Action Tips: Coming Out

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Coming out can be a big step for you. It can relieve stress and boost self-esteem, and you might become a role model for others. Yet coming out is also a big deal to the person you tell. You might find the process easier if you’re prepared.

What You Call Yourself

In coming out, you don’t have to identify yourself. Some people simply express that they have recently been attracted to a specific person of the same sex or that they are uncomfortable with gender norms. If you feel comfortable with labels, gay or lesbian usually refers to someone who is emotionally, romantically, sexually, and relationally attracted to the same sex, but if one of these aspects isn’t correct, you might find prefer the term bisexual (attracted to varying degrees to both sexes) or queer (a non-descript way to describe your openness to more than just the opposite sex). Transgender describes a person who expresses their gender differently than what most people assume, but this doesn’t always mean transsexual.

Who You Tell

Who to tell is your choice. If this decision depends on how supportive the person will be, read their signals beforehand. Mention LGBTQ related issues or presence in the media, such as anti-gay harassment or the gay storyline on a TV show. If the person has positive things to say, chances are they will be more supportive.

You can always ask for help. It can be easier to tell someone you don’t know well, such as your school counselor or a trained professional from an LGBT support telephone hotline. If you’ve already told someone, you can ask him or her to be around when you tell others.

When and Where to Talk About It

Timing is important. People who care about you might have a strong reaction (positive or negative), so consider how much time you will have to talk, if the person’s attention could be distracted, and if others could unknowingly interrupt. Also consider the chance that they’ll want to continue talking later instead of right then and there. It took you some time to accept your identity before coming it, so it might take others time to accept it.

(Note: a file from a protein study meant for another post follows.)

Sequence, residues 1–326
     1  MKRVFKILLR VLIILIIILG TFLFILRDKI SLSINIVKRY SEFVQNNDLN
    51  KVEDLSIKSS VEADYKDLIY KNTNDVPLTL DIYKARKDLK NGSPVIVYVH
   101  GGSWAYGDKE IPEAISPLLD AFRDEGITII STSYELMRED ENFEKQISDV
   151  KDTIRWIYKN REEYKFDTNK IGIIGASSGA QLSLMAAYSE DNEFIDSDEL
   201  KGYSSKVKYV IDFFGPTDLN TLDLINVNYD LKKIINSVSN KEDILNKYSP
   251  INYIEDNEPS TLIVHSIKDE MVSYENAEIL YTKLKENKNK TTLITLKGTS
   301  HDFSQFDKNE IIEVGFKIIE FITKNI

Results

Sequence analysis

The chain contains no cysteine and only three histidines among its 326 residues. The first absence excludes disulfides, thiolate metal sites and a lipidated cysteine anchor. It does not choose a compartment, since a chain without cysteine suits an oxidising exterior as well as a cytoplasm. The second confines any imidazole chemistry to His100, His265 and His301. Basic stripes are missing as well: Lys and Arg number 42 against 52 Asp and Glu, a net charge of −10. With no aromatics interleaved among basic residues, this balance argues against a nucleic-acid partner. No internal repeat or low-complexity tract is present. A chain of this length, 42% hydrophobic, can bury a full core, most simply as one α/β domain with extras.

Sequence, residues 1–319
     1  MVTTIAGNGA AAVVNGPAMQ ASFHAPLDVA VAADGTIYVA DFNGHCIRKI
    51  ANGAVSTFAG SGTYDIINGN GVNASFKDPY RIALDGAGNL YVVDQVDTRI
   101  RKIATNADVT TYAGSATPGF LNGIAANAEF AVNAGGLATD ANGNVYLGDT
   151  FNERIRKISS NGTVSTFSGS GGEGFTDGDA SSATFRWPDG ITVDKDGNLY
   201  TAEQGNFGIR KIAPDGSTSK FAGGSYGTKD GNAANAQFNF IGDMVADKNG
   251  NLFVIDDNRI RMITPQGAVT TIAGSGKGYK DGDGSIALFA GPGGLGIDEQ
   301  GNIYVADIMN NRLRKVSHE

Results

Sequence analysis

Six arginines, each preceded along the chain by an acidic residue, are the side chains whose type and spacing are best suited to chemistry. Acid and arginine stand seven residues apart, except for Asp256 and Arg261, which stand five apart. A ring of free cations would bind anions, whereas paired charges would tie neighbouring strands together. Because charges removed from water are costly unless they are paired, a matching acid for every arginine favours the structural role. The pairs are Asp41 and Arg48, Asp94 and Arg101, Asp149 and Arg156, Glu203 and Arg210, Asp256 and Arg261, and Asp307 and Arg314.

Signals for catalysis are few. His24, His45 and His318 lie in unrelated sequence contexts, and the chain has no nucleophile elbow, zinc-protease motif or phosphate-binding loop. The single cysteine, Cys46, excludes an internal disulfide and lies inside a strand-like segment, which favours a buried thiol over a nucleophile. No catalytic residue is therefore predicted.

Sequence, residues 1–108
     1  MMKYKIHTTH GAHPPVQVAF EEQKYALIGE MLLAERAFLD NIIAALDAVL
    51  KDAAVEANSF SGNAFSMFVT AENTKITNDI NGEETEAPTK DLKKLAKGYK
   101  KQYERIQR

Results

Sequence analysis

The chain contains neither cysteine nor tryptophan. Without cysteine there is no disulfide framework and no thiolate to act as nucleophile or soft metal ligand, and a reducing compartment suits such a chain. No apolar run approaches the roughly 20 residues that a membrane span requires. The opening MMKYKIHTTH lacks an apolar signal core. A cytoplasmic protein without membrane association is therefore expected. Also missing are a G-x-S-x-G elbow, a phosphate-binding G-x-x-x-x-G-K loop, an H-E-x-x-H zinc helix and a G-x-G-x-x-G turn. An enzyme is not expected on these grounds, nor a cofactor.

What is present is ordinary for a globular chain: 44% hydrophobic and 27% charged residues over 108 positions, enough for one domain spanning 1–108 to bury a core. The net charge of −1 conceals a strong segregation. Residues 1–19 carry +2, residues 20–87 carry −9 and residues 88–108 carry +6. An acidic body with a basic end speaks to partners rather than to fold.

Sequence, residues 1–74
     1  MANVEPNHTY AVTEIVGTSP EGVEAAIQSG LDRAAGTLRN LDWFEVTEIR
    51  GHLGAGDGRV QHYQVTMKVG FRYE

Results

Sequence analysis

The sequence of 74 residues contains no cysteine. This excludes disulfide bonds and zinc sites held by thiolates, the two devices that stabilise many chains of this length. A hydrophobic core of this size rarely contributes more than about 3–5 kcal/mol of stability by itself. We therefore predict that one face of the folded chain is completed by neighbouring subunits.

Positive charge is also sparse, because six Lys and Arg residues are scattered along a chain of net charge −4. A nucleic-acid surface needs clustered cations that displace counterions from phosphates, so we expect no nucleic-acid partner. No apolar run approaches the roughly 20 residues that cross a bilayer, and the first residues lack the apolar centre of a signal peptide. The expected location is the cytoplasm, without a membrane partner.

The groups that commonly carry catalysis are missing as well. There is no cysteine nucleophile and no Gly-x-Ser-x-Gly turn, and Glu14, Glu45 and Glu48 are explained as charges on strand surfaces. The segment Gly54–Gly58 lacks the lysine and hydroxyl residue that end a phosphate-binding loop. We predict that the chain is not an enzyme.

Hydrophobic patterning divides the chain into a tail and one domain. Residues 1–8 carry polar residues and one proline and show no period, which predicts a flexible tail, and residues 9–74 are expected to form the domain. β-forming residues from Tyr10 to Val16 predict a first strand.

Lead the Conversation

If the person acts positively, then you can have a great conversation. Gentle humor always relieves the tension that built up to that moment.

If the person is unsure how to react, invite them to ask questions. If they are uncomfortable with the identity, say what you want from them (“I just want your support. We will still hang out the same,”).

If the person reacts negatively, be prepared to tell them to take some time to themselves. However, also be prepared to challenge you with myths like, “It’s a choice,” or “you can never have kids.” Research the facts and statistics about the LGBTQ people that live happily all over the world, and calmly introduce your new community (“One million American children have gay parents”).

Take Action

Know that there are resources help you be active and comfortable in your new identity.

You can join or establish a Gay-Straight Alliance club at your school to combat anti-gay discrimination in the hallways and classroom. If the administration tries to prevent your right to a club or if the school refuses to protect you against harassment, you can contact Lambda Legal. This LGBT rights organization can set you up with a lawyer than can help you for free.

If things get tough at home, try calling a toll-free hotline. The GLBT Youth Support Line (1-800-850-8078) or The Trevor Project (1-866-488-7386) are two great hotlines. They can give you advice on how to educate and mediate with your family members or can just be there to chat about what’s on your mind.

If you have transportation, an LGBT Center in your area will probably have a youth support group where you can become a role model for others struggling to come out.

Your religion can remain important to you. Whether you’re Christian, Jewish, Buddhist, or Muslim, there are organizations like Torah Queeries and UCC Coalition that continue to worship while accepting the LGBT population.

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